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    Re: Workshop wiring

    Quote Originally Posted by LB75 View Post
    When I had my workshop inspected, the inspector explained that the GFCI requirement in a garage wasn't necessarily because it can be a damp location, it was because of the tendency people had to run extension cords outside from the garage outlets where they can get get rained on. Probably not too many cases of needing to run a 240V tool outside on an extension cord.

    Huh, that actually seems reasonable to me.

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    Re: Workshop wiring

    Quote Originally Posted by Jeremy Scuteri View Post
    Huh, that actually seems reasonable to me.
    Yep, and that reasoning saved me from having to install GFCI outlets inside my shop. I had 2 GFCI outlets on the outside of the building that satisfied the requirement.

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    Re: Workshop wiring

    That explanation just doesn't wash with me - it seems like a rule which was invented because of something which happened one time, perhaps.

    People could do the same with standard outlets inside the house, running the cable out of a window or door.

    Not to mention most (all?) new builds these days have dedicated external GFCI outlets.

    The whole code/permit issue is crazy here.
    I have to apply for a permit to install light fixtures and fans in existing ceiling junction boxes.
    Yet I can knock up a home made extension cord or splitter, or rewire a plug on a device without a permit.

    Rant over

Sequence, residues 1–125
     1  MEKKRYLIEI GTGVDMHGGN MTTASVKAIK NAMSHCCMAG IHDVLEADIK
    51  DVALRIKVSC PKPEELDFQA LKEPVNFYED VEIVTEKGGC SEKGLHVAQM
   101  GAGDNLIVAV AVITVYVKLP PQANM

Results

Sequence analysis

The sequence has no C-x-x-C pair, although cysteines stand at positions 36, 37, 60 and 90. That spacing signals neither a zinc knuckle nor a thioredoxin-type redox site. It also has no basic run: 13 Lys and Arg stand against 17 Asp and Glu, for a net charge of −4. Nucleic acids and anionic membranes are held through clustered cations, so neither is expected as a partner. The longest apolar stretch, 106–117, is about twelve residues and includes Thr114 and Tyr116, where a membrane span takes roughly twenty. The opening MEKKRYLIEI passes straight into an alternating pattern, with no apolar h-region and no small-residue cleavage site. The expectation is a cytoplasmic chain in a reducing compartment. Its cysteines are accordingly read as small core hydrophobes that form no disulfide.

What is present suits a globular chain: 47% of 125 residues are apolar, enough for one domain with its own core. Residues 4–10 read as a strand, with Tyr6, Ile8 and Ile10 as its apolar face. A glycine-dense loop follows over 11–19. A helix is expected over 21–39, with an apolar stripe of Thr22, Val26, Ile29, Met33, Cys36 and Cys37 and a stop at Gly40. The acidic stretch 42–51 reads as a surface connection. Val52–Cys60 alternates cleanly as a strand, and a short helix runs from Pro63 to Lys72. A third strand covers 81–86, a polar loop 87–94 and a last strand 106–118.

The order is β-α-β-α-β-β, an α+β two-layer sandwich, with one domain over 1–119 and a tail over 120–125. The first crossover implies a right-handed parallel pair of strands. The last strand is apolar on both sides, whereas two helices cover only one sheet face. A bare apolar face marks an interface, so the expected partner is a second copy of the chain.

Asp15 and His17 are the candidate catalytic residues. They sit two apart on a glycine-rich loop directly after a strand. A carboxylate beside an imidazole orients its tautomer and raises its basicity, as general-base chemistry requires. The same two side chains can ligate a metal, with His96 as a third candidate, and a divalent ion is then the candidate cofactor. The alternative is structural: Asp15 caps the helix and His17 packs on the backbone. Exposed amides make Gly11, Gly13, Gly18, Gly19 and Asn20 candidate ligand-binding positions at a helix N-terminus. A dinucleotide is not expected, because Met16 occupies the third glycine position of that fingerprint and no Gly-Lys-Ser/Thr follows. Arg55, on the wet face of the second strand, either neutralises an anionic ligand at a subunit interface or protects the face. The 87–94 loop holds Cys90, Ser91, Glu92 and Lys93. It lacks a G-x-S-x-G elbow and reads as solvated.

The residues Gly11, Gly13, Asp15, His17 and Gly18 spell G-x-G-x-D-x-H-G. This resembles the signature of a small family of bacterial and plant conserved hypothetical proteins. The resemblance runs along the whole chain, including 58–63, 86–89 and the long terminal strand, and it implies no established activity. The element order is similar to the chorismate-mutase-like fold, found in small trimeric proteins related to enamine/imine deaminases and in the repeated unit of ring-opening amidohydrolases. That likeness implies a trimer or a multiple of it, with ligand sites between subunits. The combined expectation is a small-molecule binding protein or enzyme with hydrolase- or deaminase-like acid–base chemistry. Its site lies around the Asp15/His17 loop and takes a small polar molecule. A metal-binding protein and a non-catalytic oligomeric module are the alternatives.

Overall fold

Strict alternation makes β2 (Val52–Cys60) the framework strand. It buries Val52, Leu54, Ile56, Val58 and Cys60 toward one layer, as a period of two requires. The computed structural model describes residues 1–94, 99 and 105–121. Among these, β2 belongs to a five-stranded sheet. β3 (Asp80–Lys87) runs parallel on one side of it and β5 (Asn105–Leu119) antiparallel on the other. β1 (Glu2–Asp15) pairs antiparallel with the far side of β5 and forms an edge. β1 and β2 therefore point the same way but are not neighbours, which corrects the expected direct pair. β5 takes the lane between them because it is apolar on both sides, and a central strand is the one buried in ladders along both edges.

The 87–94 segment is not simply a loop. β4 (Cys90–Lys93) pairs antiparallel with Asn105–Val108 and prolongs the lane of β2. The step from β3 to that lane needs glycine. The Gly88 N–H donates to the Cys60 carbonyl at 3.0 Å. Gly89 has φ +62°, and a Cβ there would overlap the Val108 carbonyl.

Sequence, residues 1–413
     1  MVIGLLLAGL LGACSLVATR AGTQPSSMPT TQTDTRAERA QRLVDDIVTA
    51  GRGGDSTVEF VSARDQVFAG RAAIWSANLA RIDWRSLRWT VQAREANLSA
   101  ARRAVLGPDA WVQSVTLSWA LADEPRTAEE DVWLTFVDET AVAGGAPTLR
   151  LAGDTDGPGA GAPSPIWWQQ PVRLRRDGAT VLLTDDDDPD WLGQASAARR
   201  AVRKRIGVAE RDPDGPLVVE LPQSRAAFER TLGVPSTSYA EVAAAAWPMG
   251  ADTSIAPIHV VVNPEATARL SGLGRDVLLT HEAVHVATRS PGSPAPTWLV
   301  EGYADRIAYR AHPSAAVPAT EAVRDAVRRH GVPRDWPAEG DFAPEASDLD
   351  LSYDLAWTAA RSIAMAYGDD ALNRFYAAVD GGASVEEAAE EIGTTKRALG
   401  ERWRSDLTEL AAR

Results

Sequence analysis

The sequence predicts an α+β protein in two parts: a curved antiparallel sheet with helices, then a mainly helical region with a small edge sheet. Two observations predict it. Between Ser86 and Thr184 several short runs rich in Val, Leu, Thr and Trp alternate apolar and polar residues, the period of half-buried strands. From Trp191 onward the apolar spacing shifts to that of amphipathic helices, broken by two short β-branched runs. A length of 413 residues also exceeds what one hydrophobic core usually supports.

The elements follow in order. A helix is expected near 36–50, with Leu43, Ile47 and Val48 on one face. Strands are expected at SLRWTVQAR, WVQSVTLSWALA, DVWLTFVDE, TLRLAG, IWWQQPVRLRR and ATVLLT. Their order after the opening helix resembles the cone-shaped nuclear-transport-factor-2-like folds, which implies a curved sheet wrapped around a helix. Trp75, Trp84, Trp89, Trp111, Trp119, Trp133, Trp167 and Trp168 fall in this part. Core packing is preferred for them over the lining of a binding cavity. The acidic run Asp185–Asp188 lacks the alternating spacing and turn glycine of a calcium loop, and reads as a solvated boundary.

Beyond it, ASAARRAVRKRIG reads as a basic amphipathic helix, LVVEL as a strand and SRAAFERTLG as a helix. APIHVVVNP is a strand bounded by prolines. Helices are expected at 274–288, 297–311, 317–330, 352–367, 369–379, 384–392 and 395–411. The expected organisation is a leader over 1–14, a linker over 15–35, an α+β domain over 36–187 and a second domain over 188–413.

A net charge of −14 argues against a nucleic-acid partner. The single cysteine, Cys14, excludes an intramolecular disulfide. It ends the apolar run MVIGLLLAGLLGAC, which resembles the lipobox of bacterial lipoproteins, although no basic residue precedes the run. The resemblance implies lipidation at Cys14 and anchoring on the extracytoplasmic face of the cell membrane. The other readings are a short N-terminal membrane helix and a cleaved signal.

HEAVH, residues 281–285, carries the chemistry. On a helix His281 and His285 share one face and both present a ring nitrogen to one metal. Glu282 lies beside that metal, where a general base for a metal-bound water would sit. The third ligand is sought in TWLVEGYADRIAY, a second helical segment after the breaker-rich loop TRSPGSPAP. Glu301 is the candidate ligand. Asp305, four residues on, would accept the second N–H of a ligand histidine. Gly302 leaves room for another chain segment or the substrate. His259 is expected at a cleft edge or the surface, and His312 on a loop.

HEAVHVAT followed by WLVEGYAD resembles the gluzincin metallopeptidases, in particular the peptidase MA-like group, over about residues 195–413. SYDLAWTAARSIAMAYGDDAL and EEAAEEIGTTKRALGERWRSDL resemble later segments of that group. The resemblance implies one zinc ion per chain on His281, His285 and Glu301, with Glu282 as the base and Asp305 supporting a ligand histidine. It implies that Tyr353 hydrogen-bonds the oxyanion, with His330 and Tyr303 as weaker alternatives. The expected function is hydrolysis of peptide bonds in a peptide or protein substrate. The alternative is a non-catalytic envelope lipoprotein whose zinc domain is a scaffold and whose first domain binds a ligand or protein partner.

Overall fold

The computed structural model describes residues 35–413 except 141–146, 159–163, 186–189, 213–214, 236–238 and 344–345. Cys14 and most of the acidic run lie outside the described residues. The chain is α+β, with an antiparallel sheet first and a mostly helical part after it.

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    Re: Workshop wiring

    Have builder set a 100 amp, 20 circuit surface mounted panel, with ONE receptical. This will satisfy the building inspector. Then after closing on house, go pull a permit and wire you own. I'm a fan of multiwire branch circuits. They allow you to have two 120 and one 240 circuits from one duplex (240) breaker. Run everything in EMT, and use it as ground conductor. Hit 240 recpt first, then two 120 GFCI recpts below.

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    Re: Workshop wiring

    If you think the code/permit thing is crazy here, you should try other states. When I lived in Virginia and wanted to install 3 outlets in my attached garage, the permit cost $40 PER outlet.

    When I built my 24' x 40' shop here in Concord, the permit cost me $35 and that allowed me to wire the entire building with 15 separate circuits to a 200A breaker panel AND the connection to the meter base. Plus the inspector called the power company after I passed final and arranged for them to pull the new service line in from the street.

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    Re: Workshop wiring

    Actually I would not put all the circuits in side the wall.

    I've found running surface mounted conduit or flex cable is 1) easier 2) give flexibility to add/remove/alter circuits, 3) more expensive but worth it.

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    Re: Workshop wiring

    One thing I haven't been able to determine is what the code is with regards to dropping wires down between studs behind drywall.

    The garage has an 'attic' so it is possible to get up there and run new wiring in the cavity but code states that wires should be stapled to the center of the stud, which obviously isn't possible if just dropping wires down from the attic.

    I presume just having the wires loose in the cavity between the studs would not be code compliant?

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    Re: Workshop wiring

    Quote Originally Posted by Brogan View Post
    One thing I haven't been able to determine is what the code is with regards to dropping wires down between studs behind drywall.

    The garage has an 'attic' so it is possible to get up there and run new wiring in the cavity but code states that wires should be stapled to the center of the stud, which obviously isn't possible if just dropping wires down from the attic.

    I presume just having the wires loose in the cavity between the studs would not be code compliant?
    New construction and exposed- secure the line in the cavity. Retrofit can run freely in the cavity and does not need to be secured. The wire just needs to be secured at the junction box entry/exit.